Q: My opponent cast Archon of Valor's Reach. After it resolves, if I think my opponent will name "instant", do I get a chance to exile it with Swords to Plowshares before its ability prevents me from casting it?

A: Nope, you don't get that chance. The Archon's ability uses the word "as", which mean that it's not a triggered ability: they choose a card type as it enters. This choice does not use the stack and cannot be responded to. As soon as it enters, they make their choice, and players are immediately blocked from casting spells of the chosen type. If they named "instant", you won't be able to use your Swords to Plowshares to exile the Archon.

Q: If I have a creature with shroud or protection from red, can it be chosen as the random creature for Last One Standing?

A: If luck is on its side, it can be! The choice of creature is random, and it doesn't target the creature. That means that a creature with shroud can be chosen as the survivor, and every other creature on the battlefield will be destroyed, leaving the creature with shroud as the victor (that's how this works, right? Last man standing gets the title?)

This match has me right on the
edge of my seat!

Q: If I cast Fumble on an opponent's creature, but I don't have any creatures in play, can I choose not to attach the equipment and auras that were attached to the bounced creature to another creature?

A: Nope, not an option. Someone has to pick up the dropped ball if possible. There's no "may" in Fumble's rules text. You have to attach the equipment and auras that were attached to the bounced creature to another creature if possible, even if it's a creature that opponent controls.

Q: I control a Fertilid with one +1/+1 counter and Together Forever. I activate and resolve Together Forever's ability, then remove Fertilid's last counter to activate its ability. Will Fertilid return to my hand?

A: It will! Once Together Forever's activated ability resolves, the creature will return to your hand if it dies that turn. It doesn't matter if it has a counter on it anymore. It just needed the counter on it when you activated the ability and when the ability goes to resolve. You'll be able to remove Fertilid's last counter to activate its ability and have Fertilid return to your hand via the trigger from Together Forever.

Q: My Arena Rector died in combat, but before its trigger resolves, my opponent casts Cremate, exiling it from my graveyard. Can I still search for a planeswalker card with the Rector's trigger?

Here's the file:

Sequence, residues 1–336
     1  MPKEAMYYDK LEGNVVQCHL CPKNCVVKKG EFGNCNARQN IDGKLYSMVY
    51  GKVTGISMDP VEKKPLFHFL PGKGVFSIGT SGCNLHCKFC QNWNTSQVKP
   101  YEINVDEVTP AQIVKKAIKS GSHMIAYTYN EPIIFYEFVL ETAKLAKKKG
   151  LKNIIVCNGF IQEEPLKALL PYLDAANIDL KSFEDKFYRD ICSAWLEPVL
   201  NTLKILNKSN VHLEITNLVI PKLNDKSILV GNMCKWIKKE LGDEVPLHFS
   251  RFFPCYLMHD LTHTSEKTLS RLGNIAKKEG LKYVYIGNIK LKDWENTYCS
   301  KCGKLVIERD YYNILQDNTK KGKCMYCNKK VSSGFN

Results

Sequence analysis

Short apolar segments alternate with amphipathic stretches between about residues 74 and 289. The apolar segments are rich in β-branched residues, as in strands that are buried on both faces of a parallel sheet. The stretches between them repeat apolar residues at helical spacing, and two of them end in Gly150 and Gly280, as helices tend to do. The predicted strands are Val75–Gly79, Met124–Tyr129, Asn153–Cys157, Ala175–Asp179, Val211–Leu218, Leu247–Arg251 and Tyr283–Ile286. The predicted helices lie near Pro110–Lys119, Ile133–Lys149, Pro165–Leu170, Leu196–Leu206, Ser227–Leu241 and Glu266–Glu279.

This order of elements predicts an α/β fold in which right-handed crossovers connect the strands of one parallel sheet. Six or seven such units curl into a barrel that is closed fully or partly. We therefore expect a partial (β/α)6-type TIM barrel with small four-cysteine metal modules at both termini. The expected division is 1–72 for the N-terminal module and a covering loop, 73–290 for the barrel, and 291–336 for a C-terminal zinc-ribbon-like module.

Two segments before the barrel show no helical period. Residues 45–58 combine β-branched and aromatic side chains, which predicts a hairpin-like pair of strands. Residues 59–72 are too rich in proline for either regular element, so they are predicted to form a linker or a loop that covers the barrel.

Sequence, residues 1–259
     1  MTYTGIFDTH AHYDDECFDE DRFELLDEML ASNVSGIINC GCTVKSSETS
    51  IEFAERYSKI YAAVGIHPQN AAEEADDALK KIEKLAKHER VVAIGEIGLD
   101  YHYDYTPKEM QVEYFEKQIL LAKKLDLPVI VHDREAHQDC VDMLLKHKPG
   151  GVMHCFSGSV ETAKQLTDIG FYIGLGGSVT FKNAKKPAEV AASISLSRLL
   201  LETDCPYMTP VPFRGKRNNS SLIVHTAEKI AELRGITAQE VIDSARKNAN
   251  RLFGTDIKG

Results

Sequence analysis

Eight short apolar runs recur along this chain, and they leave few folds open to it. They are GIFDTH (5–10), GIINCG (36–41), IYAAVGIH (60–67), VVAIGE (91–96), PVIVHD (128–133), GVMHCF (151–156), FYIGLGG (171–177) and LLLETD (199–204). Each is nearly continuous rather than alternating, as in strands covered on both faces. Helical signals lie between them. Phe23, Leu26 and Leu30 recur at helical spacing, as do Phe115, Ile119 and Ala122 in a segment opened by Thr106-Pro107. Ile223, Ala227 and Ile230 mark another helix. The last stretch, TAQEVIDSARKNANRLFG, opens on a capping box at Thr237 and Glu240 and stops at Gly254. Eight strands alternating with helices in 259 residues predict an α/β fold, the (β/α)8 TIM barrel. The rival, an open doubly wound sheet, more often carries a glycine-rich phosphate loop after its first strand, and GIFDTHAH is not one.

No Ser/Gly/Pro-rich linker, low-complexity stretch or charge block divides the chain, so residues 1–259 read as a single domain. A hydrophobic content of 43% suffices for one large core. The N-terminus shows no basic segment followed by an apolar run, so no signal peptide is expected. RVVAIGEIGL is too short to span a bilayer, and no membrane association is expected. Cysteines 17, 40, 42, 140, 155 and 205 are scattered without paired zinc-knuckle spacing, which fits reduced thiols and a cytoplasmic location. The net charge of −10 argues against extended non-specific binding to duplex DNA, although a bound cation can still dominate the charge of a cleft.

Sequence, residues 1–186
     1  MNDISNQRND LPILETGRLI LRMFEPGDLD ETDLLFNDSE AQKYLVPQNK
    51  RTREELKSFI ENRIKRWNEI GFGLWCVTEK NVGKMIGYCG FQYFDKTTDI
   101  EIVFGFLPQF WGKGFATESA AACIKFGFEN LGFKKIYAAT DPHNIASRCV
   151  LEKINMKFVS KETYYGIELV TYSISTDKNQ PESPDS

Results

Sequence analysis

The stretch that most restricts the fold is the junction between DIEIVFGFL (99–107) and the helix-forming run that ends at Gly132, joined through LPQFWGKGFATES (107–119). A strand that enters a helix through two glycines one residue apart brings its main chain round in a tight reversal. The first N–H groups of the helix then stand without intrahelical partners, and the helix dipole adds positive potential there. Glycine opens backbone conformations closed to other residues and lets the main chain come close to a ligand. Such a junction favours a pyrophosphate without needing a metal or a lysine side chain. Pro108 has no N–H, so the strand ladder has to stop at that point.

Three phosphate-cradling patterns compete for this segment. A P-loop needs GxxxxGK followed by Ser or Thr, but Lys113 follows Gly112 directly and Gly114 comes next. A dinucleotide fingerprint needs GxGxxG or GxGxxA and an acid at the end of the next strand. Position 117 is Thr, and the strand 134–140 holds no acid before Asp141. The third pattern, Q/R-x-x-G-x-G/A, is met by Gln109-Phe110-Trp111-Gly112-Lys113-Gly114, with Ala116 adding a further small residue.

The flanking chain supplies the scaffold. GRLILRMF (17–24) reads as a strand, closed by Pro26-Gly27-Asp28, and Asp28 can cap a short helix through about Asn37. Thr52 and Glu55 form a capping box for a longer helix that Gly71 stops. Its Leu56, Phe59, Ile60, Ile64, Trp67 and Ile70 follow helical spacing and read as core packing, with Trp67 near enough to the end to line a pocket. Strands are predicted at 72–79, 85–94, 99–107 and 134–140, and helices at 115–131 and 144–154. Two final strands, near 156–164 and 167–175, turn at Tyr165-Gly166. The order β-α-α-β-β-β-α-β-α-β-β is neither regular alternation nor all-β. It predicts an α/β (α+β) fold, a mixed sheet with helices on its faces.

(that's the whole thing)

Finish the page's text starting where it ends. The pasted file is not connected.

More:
A: No you cannot. When the triggered ability resolves, you get the choice of exiling the Rector or not. And you can only search if you exile the Rector when the trigger resolves - if it's not in the graveyard to be exiled when the trigger resolves, you can't choose to exile it, and you won't get to search your library for a planeswalker card.

Q: One of my opponent just cast Pir's Whim. Can I wait to see if I'm a friend or foe before deciding if I want to activate Sensei's Divining Top and put it on top of my library instead of sacrificing it?

A: Nope, you can't do that. Your opponent will not be choosing who is a friend and who is a foe until the Whim is resolving (and it's too late to respond). You're free to respond to the Whim before it resolves, but you'll have to guess whether you're going to be their friend or foe (and if you do put your Top on top of your library, they could decide you're their friend for the time being, forcing you to search and shuffle your library, since the search is not optional).

Q: If I attack with Gorm the Great and my opponent only has one creature, what happens?

A: Gorm's ability creates two requirements: Gorm must be blocked if able, and Gorm must be blocked by two or more creatures if able. You have to fulfill as many requirements without violating any restrictions. Gorm must be blocked, so their only creature must block it. It's not possible to fulfill the second requirement, since they don't have a second creature that could block, so we ignore that requirement. Your opponent's only creature will have to block your attacking Gorm.

Q: If I cast Bonus Round, does that mean my opponent's spells get copied too?

A: Unfortunately for you, it does. When Bonus Round resolves, it will affect all player's spells, not just you or your teammate's spells. If your opponent has an instant they want to cast during your Bonus Round, their spell will copied as well. So make sure your opponent is tapped out before you cast this!

That's all the games we have for this week. See you all next week!